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New York Auto Show: Kia Hamsters Score One for Gut Instinct

The Kia hamsters are giving each other tiny high-fives after winning a "Best Ad" award from Nielsen Automotive at the New York Auto Show. But the little critters that launched the popular Kia Soul last year also demonstrate that car companies and other advertisers still make risky, big-money marketing decisions in part by gut instinct.

After winning the award, Kia marketing boss Michael Sprague thanked his ad agency, David & Goliath, plus his own team for coming up with the ad. But he also hinted that his first inclination was to shoot down the idea, because he also thanked the team for "talking me into doing it."

In fact, Sprague shelved the Kia hamsters after that first campaign last year in favor of "more serious" images. After the hamsters became undeniably popular on YouTube, he promised last year and again at the auto show to revive the Kia hamsters for future campaigns.

"You'll be seeing more hamsters," he said.

Marketers like Sprague still need to go out on a limb occasionally, in part because market research is having a tough time keeping up with the growth in online media. Despite a lot of lip service among big corporations for "data-based decisions," that means a lot of choices come down to personal preference, however well-informed that personal preference is.

That's especially true now that there's so much consumer-generated buzz, and even more so now that there's so much buzz ricocheting around hand-held devices.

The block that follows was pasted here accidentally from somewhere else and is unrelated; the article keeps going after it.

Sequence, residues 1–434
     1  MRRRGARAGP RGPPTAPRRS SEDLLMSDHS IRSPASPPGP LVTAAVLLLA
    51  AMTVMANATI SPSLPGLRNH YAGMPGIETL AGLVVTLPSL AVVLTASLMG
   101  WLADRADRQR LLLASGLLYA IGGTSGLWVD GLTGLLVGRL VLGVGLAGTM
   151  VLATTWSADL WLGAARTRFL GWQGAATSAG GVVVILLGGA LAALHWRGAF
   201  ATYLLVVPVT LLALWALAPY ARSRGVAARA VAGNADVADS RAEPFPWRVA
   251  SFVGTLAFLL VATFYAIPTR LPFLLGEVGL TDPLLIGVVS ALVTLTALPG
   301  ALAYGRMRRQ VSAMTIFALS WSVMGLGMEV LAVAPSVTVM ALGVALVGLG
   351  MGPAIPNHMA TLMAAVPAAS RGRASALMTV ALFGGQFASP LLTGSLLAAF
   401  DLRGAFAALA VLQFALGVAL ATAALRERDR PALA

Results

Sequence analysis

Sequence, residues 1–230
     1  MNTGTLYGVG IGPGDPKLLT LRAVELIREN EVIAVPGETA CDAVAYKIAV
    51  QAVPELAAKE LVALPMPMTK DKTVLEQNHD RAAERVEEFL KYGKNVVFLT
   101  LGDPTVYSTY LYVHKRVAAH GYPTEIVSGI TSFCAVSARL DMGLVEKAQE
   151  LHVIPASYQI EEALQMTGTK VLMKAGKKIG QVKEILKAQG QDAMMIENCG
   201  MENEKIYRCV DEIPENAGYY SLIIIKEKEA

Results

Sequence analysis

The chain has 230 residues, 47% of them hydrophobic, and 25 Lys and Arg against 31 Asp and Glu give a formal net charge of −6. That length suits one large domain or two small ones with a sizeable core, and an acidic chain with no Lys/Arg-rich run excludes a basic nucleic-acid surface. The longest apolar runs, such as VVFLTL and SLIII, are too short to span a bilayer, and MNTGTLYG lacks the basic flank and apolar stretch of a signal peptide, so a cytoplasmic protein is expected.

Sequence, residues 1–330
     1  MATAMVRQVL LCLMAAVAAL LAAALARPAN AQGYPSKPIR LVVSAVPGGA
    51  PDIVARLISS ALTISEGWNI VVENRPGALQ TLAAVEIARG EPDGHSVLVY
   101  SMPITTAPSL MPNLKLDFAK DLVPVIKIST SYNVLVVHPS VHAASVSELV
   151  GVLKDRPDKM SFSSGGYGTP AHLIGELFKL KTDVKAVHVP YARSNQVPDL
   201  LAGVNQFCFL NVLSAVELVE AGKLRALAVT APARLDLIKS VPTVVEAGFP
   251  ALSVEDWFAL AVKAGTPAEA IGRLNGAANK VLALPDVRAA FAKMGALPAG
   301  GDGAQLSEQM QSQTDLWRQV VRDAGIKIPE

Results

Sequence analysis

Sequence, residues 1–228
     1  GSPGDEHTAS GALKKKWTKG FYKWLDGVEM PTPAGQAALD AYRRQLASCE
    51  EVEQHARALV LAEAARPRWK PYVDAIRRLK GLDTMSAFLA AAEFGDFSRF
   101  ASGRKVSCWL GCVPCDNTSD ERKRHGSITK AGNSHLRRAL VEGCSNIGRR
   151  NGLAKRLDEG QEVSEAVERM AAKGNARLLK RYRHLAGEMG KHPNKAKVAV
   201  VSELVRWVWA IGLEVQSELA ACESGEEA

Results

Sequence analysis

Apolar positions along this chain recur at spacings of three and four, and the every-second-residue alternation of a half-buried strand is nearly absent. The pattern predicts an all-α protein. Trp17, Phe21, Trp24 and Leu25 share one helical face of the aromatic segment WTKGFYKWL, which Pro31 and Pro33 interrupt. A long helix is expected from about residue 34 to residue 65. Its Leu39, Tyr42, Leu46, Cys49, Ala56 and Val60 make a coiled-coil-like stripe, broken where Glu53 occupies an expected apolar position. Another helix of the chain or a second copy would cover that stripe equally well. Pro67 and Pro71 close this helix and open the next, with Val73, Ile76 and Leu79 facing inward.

Lois Miller, president of Nielsen Automotive, said at the auto show that an estimated 138 million Americans watch video on the Internet an average of three hours per month and rising fast. She said 13 million viewers watch an average of 3.5 hours of video on their smartphones.

Nielsen measures online buzz in part by getting people to come to their Web site to answer questions about what they've seen. Miller said 2.5 million viewers come to the company's site.

That sounds impressive, but in some ways it's not much of an improvement over old-fashioned paper surveys, except the online format is more convenient and makes it easier for people to view images. What remains old-fashioned is that instead of measuring actual behavior, survey data still relies on imperfect recall of what people watched.

Traditionally based market research companies like Nielsen can take some comfort from the fact that TV viewership is up, and that's easier to measure. Miller said the average American watched 153 hours of TV last year, up 1.2 percent.

"That's the good news," she said.

Photo: Kia